Working Group 8:
In this working group, we are looking at the impact of new communication technologies on language variation, language contact, pragmatics and interaction. Variationist sociolinguistics has only recently formed substantive insights on technologies like mass media and social media. Speaking to and through technology is almost unexplored. But such new phenomena challenge fundamental areas of theory, like speech communities, speech accommodation, and innovation diffusion. The basic fabric of face-to-face conversation may change as wearable Augmented Reality (AR) gives access to simultaneous additional online information, through ear-/eyewear. In the human-machine era, theories created for an offline world need a reboot, through dedicated collaboration with technology specialists.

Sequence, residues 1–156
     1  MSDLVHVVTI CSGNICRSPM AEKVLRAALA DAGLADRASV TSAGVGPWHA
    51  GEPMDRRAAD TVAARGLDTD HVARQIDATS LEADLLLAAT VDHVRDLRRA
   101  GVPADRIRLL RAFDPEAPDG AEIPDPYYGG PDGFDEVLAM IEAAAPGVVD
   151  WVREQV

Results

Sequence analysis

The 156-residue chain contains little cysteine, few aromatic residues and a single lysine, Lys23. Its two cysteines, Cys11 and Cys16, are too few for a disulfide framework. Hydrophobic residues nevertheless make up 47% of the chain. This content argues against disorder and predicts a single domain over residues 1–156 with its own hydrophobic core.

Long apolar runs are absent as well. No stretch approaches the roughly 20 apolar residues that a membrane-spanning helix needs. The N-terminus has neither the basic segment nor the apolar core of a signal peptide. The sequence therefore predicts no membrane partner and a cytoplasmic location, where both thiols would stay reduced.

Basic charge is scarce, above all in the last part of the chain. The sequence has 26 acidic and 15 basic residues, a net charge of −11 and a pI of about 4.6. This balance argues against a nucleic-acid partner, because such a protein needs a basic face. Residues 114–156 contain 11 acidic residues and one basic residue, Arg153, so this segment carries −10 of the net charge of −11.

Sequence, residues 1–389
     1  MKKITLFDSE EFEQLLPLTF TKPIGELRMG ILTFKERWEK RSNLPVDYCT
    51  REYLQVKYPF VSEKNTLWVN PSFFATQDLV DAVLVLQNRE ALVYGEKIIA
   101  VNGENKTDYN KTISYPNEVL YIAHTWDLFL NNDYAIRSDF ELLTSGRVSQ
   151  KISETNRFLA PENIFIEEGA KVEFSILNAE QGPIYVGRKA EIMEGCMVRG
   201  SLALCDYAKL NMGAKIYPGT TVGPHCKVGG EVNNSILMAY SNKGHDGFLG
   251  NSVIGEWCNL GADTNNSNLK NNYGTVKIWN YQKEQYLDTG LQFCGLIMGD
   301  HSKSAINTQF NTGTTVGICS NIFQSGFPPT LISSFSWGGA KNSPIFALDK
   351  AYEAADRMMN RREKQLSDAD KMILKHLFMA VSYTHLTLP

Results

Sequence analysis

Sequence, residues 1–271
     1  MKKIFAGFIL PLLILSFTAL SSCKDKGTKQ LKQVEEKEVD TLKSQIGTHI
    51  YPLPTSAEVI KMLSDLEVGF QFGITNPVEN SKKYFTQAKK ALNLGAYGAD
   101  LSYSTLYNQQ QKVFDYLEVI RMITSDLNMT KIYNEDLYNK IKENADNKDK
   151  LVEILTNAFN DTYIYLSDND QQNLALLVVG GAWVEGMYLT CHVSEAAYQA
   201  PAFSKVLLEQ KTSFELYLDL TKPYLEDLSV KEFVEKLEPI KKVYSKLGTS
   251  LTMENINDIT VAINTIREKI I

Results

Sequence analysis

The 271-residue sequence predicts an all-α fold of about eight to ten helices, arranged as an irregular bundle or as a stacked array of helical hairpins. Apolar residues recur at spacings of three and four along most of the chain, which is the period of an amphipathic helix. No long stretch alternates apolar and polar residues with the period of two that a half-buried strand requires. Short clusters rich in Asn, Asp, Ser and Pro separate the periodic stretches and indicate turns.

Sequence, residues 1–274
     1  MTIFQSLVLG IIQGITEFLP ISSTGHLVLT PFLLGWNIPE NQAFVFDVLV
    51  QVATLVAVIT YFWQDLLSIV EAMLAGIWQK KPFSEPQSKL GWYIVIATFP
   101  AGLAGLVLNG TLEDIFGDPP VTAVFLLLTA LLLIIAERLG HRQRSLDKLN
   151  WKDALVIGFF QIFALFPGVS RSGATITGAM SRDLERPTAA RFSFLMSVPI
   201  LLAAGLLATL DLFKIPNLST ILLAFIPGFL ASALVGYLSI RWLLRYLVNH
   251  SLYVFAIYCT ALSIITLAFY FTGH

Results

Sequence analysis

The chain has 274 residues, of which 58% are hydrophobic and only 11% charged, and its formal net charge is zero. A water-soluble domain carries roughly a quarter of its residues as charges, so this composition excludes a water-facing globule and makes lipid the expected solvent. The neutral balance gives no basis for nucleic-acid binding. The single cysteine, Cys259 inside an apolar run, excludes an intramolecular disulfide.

Methodological implications are also striking. What is a ‘sociolinguistic interview’ in Augmented and Virtual Reality? If AR mediates a conversation, how many interlocutors are there? Case in point: recently developed hearing aids can track individual voice patterns and discern which voices the wearer is paying attention to, by associating specific brainwaves with each different voice they hear (Han et al. 2019). Sociolinguistic methodologies are adrift here, needing major recalibration.
Further questions abound. How are sociolinguistic variation, gesture and paralinguistic features encoded in machines as standards, or otherwise interpreted by AI? Could AI in theory speak any language variety? Might there also be new pressures against varieties as we speak with machines, or rather new freedoms? We are here to explore all these and more aspects of the human-machine era.
robert.fuchs [ a t ] uni-hamburg.de
sbenus [ a t ] ukf.sk